Indiana Congressman Calls on CalPERS CIO To Be Fired

Ben Meng is too close to the Beijing regime, says lawmaker Jim Banks, joining earlier attack from Secretary of State Mike Pompeo.

A conservative Republican US lawmaker is calling for the firing of California Public Employees’ Retirement System (CalPERS) CIO Ben Meng, citing Meng’s relationship with Chinese government officials.

Meng served as a top official responsible for investing more than $3 trillion of China’s foreign reserve currency before joining CalPERS. It was his role in China that Indiana Republican Congressman Jim Banks mentioned in a letter to California Gov. Gavin Newsom, questioning Meng’s ties to the Beijing government.

This is the second time within a week that CalPERS has come under fire from Republicans.

Last Saturday, US Secretary of State Mike Pompeo, in a speech to the National Governors Association detailing China’s secret efforts to influence the United States, attacked CalPERS.

The US and China have signed a trade agreement, but the speech was part of a continuing effort to get states to join the Trump administration in its geopolitical battle with China.

The secretary of state’s wide-ranging speech touched on pension plan investments in China, including CalPERS.

“California’s pension fund … is invested in companies that supply the People’s Liberation Army that puts our soldiers, sailors, airmen, and Marines at risk,” Pompeo said.

The secretary of state did not go into detail about CalPERS investments, but Banks did.

Banks also went right for Meng, as his letter questioned Meng’s “long and cozy” relationship with Beijing, as well as attacked the funds’ investments in Chinese companies, echoing Pompeo.

Meng did not respond to Banks, but CalPERS CEO Marcie Frost issued a statement addressing the situation.

“This is a reprehensible attack on a US citizen,” she said. “We fully stand behind our chief investment officer, who came to CalPERS with a stellar international reputation.”

Meng is a US citizen but was born in China. He started at CalPERS in 2008 and worked for seven years as an investment staffer, heading asset allocation effects.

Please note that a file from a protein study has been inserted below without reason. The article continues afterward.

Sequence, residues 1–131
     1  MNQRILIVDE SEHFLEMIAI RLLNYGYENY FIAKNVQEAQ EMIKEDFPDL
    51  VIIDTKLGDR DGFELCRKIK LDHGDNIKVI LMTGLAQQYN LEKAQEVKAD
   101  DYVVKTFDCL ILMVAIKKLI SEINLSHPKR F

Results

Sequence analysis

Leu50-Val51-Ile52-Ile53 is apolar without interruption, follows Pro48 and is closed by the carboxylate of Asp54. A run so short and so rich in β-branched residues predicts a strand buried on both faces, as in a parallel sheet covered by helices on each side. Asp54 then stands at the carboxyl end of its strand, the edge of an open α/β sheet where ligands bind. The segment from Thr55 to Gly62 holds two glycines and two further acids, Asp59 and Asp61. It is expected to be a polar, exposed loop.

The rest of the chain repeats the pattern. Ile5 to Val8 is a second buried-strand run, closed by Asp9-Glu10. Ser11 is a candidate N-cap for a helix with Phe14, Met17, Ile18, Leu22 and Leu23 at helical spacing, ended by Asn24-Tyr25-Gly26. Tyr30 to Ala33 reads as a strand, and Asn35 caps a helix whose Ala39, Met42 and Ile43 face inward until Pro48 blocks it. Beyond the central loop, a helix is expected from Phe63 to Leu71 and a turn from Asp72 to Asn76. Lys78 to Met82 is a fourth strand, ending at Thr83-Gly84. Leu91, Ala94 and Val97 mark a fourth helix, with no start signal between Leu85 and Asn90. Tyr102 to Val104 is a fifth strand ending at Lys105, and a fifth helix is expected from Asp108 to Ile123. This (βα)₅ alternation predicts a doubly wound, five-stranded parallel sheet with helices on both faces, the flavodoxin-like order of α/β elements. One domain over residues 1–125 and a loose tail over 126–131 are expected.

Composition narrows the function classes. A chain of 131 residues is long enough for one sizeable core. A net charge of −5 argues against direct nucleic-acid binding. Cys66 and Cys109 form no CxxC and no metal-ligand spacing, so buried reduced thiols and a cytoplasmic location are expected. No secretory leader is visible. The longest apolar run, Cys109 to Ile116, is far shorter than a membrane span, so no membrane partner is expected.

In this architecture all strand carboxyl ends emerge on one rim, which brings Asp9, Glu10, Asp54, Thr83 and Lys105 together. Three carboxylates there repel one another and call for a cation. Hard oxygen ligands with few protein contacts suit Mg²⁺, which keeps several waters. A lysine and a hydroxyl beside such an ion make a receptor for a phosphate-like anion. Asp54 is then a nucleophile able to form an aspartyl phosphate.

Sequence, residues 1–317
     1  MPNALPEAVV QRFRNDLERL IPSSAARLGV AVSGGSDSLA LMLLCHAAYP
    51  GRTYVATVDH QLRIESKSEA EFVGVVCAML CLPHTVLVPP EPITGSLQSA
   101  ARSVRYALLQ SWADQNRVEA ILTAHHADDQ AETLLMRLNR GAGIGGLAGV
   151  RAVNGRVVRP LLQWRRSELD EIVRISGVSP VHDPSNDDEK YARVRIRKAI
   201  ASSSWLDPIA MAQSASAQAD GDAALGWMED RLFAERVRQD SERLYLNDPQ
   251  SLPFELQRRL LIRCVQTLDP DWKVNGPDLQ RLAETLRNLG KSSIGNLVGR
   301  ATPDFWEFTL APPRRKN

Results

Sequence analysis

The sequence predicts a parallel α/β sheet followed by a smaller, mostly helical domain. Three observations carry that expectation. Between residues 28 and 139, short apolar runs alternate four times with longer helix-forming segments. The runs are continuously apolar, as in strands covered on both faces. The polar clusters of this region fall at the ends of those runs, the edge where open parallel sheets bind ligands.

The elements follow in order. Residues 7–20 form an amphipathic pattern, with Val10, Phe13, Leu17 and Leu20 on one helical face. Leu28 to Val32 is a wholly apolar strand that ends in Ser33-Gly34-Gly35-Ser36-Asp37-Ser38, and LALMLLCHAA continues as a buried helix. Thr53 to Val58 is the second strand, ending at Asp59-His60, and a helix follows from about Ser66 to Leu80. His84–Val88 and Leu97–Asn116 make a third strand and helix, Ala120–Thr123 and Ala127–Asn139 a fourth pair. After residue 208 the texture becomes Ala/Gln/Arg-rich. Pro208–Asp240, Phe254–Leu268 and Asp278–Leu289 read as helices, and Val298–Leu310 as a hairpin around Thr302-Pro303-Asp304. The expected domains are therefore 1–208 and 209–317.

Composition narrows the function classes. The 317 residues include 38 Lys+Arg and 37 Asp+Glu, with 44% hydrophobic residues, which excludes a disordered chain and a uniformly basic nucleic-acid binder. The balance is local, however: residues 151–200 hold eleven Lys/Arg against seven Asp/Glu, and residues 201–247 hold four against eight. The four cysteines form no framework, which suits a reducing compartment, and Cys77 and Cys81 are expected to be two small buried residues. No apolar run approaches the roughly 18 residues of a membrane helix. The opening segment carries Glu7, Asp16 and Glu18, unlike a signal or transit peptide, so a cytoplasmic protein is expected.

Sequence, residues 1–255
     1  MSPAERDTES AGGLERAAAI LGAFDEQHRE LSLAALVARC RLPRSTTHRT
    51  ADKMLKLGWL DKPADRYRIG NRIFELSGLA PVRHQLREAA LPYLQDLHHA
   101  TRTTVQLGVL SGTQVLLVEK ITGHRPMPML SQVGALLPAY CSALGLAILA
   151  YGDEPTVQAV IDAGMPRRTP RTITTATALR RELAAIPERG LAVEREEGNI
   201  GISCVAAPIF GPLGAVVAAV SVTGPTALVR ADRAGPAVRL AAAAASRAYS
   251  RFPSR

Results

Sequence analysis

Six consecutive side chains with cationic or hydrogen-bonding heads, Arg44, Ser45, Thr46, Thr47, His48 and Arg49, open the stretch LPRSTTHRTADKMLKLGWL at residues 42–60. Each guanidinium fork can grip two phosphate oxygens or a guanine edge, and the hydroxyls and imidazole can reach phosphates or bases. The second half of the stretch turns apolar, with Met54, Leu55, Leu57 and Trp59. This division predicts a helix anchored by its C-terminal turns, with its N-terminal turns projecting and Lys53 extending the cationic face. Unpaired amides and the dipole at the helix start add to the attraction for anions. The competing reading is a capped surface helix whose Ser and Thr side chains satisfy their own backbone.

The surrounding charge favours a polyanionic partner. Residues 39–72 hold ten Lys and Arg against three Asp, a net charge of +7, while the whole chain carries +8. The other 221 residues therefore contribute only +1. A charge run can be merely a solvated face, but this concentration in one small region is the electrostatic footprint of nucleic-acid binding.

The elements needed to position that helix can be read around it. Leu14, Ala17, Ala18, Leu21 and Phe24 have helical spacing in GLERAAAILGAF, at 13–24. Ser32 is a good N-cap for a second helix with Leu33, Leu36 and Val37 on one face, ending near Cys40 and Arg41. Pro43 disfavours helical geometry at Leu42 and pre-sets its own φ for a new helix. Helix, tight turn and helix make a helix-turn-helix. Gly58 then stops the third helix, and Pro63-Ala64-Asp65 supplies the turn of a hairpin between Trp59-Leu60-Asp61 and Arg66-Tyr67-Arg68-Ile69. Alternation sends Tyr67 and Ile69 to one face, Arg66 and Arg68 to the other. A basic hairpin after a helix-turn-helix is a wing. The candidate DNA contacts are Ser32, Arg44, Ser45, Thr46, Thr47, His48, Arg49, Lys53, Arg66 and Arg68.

He later served as deputy CIO with China’s State Administration of Foreign Exchange. The Chinese agency administers China’s foreign exchange reserves, which are estimated to total more than $3 trillion.

Meng rejoined CalPERS in January 2019 as chief investment officer.

Banks said that if Newsom doesn’t fire Meng, he should conduct an investigation.

“At the least, I think a thorough investigation of Mr. Meng’s relationship to the Chinese Communist party and a comparison of CalPERS investments in Chinese companies before and after Mr. Meng’s … [latest] hiring are both warranted,” he said in his letter.

The California governor does not have the power to directly fire Meng.

CalPERS is administered by a 13 member board, though the governor does have two direct appointees on the board and a third member is appointed by representatives of the governor. The state treasurer and controller also serve on CalPERS board.

Even if the majority of board members would want to terminate Meng, they could not take any action. Under CalPERS rules, only Frost, the CEO, could terminate Meng.

Banks went beyond Pompeo’s remarks in his letter to the governor, citing CalPERS’ investments in specific Chinese companies, one which has run afoul of a Trump administration blacklist.

He attacked investments in  Hikvision, a Chinese company that builds surveillance equipment used in high-security detention camps for China’s minority Muslim population.

The partially state-owned Chinese company was put on a Trump administration blacklist in October, prohibiting Hikvision from buying US technology without US government approval.

The blacklist, however, does not prevent CalPERS and other US pension plans from holding shares of the company.

Banks also cited China Communications Construction Co., which has been building naval bases at the request of the Chinese government in the disputed South China Sea.

Frost defended the investments in a statement.

“We’ve had a globally diversified portfolio for decades,” she said. “This is a politically opportunistic attempt to force us to divest, undermining our ability to perform our fiduciary duty to provide retirement security to California’s public employees.”

The California state legislature has banned CalPERS from investing in Iran and Sudan, but there are no such restrictions on China.

CalPERS, the largest US defined benefit plan, has more than $200 billion invested in the stock market. Much of the money is invested through index funds, though CalPERS has speculated on individual stocks in the past.

CalPERS spokesman Wayne Davis said the investments in the Chinese companies were part of passive index fund investments in broad segments of global  stocks.

CalPERS has been aggressive in building its international portfolio, not only in equity but in other asset classes, such as private equity and real estate.

CalPERS’ exposure to China exceeds $3 billion, according to pension plan reports, and its investments have increased as global indexes in the past two years have expanded Chinese companies in their listings.

CalPERS rules require the pension plan to monitor and engage companies in its portfolio through its environmental, social, and governance (ESG) positions, a thorny issue when dealing with state-owned enterprises in authoritarian China.

CalPERS officials have not said whether they have engaged with either Hikvision or China Communications Construction Co.

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